As Brian L. Ott and Greg Dickinson, authors of the book “The Twitter Presidency: Donald J. Trump and the Politics of White Rage,” wrote in an op-ed published by USA Today: “Historically, Twitter has been reluctant to hold Trump responsible for his speech, likely because he was their most notorious user.” They added: “Simply put, Trump was good for business.”
Trump — who was impeached on Wednesday on charges of “incitement of insurrection,” making him the first US president to be impeached twice — indeed was one of Twitter’s top users. He had nearly 89 million followers, and his posts had been retweeted 389,842,552 times and liked 1,659,180,779 times since he opened his account on March 18, 2009. He was mentioned in 16 million tweets on the day of the Capitol siege, and 17 million on the day after.

While Twitter has special rules that apply to the accounts of world leaders, it insists they are not immune to its enforcement policies. Yet some continue to post comment considered objectionable by many.
Iran’s Supreme Leader Ali Khamenei, for example, cannot be compared to President Trump in terms of number of followers or reach on Twitter, but his activity on the platform follows a similarly dangerous pattern. Just last week, the Iranian leader posted false claims across his multiple accounts — he has ones in English, Spanish, Farsi, Arabic and Russian — that COVID-19 vaccines developed in US and UK are “completely untrustworthy,” France has “HIV-tainted blood supplies,” and it is “not unlikely that they (Western countries) would want to contaminate other nations.”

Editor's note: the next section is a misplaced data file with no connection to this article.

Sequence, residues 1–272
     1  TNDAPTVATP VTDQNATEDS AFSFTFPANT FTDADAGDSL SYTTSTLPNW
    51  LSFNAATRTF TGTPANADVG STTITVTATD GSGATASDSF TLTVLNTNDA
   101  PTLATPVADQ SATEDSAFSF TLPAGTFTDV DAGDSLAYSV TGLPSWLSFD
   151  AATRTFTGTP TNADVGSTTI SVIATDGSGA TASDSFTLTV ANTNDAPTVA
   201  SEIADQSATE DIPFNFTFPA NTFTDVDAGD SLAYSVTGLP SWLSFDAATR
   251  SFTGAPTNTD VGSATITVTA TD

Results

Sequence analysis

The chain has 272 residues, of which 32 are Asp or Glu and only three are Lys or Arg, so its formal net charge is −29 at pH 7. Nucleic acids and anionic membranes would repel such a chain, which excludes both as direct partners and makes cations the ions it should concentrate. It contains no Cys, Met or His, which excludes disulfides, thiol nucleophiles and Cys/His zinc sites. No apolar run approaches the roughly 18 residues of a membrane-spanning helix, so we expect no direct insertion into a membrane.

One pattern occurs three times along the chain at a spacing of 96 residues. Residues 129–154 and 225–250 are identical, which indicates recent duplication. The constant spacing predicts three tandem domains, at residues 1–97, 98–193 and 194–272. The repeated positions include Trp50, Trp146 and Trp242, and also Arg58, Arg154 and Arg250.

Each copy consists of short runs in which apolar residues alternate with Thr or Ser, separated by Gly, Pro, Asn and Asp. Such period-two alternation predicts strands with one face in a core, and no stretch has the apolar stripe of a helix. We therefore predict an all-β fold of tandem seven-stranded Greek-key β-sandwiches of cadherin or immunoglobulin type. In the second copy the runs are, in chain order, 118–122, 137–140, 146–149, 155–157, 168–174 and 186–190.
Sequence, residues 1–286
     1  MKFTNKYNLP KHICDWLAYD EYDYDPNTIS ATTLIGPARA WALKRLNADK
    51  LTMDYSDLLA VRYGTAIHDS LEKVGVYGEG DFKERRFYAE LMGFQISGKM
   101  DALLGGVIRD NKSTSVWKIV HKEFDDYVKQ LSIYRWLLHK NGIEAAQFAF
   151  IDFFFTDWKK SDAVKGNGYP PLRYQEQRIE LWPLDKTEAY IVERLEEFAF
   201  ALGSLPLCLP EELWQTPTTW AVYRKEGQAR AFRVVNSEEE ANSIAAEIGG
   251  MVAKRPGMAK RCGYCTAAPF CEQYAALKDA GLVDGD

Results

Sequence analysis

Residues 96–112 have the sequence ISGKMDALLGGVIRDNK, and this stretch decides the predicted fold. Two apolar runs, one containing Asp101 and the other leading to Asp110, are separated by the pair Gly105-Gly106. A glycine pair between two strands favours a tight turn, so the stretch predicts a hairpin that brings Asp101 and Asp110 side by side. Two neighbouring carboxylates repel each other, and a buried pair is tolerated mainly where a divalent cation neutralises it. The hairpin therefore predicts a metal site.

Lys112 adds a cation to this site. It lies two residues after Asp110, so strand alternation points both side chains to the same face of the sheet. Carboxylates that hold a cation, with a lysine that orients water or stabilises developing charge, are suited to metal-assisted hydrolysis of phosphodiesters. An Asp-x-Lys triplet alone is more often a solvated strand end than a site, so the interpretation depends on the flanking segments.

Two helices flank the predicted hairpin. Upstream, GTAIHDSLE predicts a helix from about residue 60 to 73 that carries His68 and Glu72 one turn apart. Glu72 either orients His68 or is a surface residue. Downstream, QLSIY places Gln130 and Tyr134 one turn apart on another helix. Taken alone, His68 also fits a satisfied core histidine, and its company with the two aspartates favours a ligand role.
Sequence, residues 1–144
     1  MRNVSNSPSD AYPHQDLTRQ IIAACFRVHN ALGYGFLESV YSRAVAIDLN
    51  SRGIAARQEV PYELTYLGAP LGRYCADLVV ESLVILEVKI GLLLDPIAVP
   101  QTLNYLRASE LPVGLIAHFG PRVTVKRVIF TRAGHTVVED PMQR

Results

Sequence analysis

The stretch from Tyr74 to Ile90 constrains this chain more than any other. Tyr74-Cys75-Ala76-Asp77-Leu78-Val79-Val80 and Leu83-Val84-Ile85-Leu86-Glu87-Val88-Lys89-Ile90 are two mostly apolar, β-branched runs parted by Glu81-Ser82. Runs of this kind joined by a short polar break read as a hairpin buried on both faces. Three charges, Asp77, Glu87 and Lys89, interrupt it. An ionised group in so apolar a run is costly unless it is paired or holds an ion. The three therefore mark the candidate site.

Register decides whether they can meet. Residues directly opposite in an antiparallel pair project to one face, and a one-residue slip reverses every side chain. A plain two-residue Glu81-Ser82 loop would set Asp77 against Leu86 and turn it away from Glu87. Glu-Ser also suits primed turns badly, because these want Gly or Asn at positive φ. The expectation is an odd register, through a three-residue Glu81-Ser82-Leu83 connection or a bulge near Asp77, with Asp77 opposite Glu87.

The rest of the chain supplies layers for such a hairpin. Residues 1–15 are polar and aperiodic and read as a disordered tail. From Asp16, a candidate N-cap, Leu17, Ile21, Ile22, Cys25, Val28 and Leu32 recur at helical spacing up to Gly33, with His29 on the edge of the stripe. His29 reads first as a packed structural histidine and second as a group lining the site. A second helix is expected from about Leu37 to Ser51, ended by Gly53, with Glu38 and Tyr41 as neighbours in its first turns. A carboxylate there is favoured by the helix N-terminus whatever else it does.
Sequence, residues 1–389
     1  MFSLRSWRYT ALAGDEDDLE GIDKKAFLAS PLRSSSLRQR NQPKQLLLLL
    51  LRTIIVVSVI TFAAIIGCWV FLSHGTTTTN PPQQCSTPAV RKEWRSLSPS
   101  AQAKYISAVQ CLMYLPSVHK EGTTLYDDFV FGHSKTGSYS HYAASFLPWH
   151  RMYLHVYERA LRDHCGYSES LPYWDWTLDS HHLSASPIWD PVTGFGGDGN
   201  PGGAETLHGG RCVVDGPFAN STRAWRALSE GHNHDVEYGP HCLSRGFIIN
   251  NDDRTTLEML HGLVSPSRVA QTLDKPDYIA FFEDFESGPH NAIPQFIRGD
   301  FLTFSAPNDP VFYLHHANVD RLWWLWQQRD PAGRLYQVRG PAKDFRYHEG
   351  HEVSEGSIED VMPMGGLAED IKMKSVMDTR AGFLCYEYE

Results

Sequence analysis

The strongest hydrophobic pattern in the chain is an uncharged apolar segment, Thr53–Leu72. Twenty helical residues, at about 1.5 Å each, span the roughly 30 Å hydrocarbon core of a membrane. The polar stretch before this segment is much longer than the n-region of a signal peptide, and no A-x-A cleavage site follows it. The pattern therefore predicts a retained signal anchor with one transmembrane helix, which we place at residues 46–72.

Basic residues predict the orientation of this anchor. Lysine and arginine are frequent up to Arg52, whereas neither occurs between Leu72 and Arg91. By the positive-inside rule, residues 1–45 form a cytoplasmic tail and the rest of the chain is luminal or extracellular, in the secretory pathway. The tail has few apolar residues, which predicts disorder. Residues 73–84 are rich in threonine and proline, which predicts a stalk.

This follows years of similarly dangerous and damaging tweets in which Khamenei incited violence against other nations. In May 2020, for example, he said that Iran will “support and assist any nation or any group anywhere who opposes and fights the Zionist regime.”

Yusuf Al-Qaradawi has a long history of issuing hate-filled fatwas — yet he continues to enjoy the freedom provided by Twitter, which he joined in May 2011, to spread his objectionable views and ideas to more than 3 million followers. (File/AFP)

Other accounts, such as those of Al-Qaradawi and Qais Al-Khazali — both of whom have featured in the Preachers of Hate series published by Arab News — also remain active. Al-Khazali, from Iraq, was designated as a global terrorist by the US State Department in January last year.
The issue is not unique to accounts originating in the Arab world. In India, for example, social-media platforms, including Facebook, have been criticized for continuing to allow users to spread hate speech.
Anti-Muslim rhetoric from Yogi Adityanath, chief minister of Uttar Pradesh state, is blamed for contributing to a rise in attacks against the minority Muslim community across the country, for example.
There are many accounts on Twitter and other social-media platforms that have prompted similar concerns. Observers warn that without better controls and moderation of objectionable content, Twitter runs the risk that its image as a promoter of free speech will be damaged and, through inactivity, it will come to be viewed as a promoter of hate speech.
Twitter did not respond to requests from Arab News for comment.